Questions to ask in law job interviews
Whether you are gearing up for your training contract interviews, applying for NQ Solicitor roles or looking at your first Paralegal position, you must not only be prepared to answer questions about yourself but also to ask your own questions.
Many applicants dread being asked if they have any questions, but your answer should never be “no.” Interviews are conversations and should be treated as such – they are as much an opportunity for you to get to know the firm as they are for the firm to get to know you.
Questions to ask
To show your enthusiasm, interest and intelligence, you should arm yourself with a few insightful questions to ask your interviewers. We have gathered some of the best questions to ask in law job interviews to help you get started:
“What are you looking for in a new hire?”
Show your conscientiousness by asking about the skills, qualities and experience your interviewer is looking for. If they mention any that have yet to be brought up, make sure to demonstrate how you tick every box.
“What type of assignments will I be working on?”
If you are interviewed by a legal practitioner, they should be happy to detail the kind of cases you can expect to work on. You could follow up with a question about how work is distributed among staff.
“What are the firm’s growth plans in the next 5 years?”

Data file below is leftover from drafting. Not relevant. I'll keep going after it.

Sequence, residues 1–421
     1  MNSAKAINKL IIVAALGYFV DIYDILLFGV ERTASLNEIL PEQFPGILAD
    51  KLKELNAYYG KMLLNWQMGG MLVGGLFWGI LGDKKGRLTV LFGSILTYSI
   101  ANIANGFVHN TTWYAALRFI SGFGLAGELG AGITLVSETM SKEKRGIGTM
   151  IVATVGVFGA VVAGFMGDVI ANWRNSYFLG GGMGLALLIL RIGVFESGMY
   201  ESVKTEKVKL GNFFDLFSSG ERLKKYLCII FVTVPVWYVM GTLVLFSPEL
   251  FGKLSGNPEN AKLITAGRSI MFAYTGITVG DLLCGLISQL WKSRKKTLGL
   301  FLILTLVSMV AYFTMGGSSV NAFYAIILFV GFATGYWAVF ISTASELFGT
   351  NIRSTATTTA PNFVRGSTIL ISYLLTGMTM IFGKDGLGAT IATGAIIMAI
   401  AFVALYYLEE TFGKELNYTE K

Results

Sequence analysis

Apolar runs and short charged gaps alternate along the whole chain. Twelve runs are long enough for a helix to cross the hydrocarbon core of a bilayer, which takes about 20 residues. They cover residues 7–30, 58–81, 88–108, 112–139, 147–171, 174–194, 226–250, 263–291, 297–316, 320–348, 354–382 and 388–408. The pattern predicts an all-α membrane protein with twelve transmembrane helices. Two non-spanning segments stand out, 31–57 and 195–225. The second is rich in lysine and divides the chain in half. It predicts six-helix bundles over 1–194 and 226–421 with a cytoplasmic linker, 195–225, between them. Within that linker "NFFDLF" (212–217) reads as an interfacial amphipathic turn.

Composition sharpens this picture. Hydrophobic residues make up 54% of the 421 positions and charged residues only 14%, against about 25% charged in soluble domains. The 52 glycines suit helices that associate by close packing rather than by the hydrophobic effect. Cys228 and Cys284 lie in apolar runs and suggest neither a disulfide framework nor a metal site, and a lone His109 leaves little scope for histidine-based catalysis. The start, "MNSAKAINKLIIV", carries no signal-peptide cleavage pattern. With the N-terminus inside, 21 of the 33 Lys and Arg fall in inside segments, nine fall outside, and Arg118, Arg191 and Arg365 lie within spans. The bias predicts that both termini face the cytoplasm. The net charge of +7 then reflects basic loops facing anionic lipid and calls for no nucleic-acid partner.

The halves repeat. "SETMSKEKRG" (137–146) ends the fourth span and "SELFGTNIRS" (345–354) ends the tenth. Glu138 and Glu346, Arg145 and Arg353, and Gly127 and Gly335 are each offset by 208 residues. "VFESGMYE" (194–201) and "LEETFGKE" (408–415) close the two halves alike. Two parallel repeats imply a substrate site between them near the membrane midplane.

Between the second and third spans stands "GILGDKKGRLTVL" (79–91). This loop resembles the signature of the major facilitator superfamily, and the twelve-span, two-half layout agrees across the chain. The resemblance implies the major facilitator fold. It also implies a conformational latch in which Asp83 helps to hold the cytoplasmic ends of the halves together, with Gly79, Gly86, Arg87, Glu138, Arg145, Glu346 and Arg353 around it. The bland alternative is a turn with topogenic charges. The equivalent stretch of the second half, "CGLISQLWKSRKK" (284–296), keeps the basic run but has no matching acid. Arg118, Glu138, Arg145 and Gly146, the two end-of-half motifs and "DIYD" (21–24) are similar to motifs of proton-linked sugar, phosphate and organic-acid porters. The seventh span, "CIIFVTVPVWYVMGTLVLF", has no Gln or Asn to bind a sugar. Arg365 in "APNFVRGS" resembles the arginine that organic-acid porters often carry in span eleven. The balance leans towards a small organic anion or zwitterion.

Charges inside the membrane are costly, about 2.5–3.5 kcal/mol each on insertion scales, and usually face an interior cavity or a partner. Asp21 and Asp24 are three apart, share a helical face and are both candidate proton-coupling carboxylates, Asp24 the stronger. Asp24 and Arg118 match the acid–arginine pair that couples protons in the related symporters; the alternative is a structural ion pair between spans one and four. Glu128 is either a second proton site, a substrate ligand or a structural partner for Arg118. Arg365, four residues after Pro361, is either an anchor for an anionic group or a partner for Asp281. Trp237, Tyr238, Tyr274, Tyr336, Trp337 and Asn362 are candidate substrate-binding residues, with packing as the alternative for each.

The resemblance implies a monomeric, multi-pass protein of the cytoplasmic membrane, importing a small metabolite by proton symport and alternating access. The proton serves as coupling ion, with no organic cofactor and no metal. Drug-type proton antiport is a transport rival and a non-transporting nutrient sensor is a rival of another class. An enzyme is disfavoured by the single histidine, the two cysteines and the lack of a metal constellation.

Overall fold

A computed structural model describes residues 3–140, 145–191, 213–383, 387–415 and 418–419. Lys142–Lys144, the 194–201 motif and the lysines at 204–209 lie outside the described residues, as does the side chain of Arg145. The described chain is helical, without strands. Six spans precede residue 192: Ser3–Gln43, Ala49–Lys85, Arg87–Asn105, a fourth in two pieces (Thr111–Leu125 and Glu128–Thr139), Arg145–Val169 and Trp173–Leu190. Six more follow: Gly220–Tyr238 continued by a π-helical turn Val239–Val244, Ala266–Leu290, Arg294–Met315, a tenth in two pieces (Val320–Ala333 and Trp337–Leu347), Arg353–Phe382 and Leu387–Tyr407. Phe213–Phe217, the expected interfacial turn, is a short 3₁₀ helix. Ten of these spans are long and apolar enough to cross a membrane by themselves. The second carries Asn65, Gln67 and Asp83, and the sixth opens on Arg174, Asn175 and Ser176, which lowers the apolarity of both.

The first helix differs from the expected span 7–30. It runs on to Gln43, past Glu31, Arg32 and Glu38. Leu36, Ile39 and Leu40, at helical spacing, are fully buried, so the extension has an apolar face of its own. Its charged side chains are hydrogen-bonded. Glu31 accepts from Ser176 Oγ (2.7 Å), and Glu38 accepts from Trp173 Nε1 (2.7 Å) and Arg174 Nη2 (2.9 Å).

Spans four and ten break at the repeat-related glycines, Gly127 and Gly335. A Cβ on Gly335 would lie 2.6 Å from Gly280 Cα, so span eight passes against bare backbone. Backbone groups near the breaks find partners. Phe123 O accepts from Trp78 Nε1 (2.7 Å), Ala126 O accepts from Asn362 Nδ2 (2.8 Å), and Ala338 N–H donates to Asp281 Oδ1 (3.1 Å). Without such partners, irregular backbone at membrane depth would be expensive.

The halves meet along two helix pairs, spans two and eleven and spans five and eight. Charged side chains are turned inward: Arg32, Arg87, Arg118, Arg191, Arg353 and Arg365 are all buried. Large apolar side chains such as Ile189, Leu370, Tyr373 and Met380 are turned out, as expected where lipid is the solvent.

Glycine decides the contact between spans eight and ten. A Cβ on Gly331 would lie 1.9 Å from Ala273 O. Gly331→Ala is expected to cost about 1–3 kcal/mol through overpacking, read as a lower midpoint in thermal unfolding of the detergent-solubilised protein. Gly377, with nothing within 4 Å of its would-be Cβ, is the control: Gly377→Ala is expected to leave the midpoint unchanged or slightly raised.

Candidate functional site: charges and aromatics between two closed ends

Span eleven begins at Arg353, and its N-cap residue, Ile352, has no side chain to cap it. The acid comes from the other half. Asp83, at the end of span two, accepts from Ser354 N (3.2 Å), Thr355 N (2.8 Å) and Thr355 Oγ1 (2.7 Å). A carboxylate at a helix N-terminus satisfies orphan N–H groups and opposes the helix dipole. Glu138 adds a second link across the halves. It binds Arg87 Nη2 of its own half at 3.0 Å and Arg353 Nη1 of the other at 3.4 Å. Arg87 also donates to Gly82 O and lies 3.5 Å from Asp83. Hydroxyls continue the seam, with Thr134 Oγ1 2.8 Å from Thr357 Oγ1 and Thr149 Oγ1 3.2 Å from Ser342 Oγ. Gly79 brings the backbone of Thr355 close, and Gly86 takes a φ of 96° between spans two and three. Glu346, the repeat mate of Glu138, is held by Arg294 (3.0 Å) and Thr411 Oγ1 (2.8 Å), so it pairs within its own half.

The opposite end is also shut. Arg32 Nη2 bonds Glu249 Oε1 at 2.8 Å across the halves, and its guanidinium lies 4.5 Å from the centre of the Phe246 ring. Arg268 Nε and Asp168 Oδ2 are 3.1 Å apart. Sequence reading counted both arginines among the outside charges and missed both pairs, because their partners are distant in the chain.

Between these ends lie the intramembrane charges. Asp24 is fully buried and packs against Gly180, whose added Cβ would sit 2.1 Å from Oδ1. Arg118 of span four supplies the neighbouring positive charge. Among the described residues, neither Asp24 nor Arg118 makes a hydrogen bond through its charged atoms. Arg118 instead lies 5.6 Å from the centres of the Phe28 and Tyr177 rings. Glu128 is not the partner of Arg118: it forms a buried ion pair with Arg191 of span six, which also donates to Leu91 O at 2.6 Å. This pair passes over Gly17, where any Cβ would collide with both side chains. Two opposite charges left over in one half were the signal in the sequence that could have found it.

It looks good to be inquisitive about the long-term prospects of your potential employer, but only ask questions about the firm’s plans if they are not available online or elsewhere – you don’t want to look like you haven’t done your research.
“What is the next step in the hiring process?”
The hiring process in law firms is often a multi-stage affair. Show your eagerness and interest by enquiring about what to expect next.
“What kind of feedback and evaluation will I be given?”
As a graduate, the feedback you receive for your work is important for your professional development. Show the interviewer your awareness and willingness to receive criticism by asking about assessment and feedback.
Crucial to your interview success is preparation. You need to research the firm’s history, work and culture in order to ask focused, open-ended questions that reflect genuine interest in the job.
Questions to avoid
Aside from having no questions prepared, the biggest mistake that interviewees usually make is enquiring about aspects of the job that benefit them, rather than asking about what they can bring to the role. Our advice is to avoid questions such as:
“How much will I be paid?” or “What benefits will I get?”
Any questions about the salary and benefits package of a job should be avoided until after you have an offer – unless the interviewer brings it up first. Questions such as these suggest you are thinking about what you can gain from the firm, rather than what you can contribute.
“How many hours will I work per week?”
Another one to ask once an offer has been made. If you make this seem like your primary concern about the job, the interviewer may not take your application seriously.
“How long can I expect to wait until my first promotion?”
This question suggests you are only interested in the position while you wait to move on or move up. If you really want to ask about prospects, ask about training opportunities and professional development, rather than pay rises.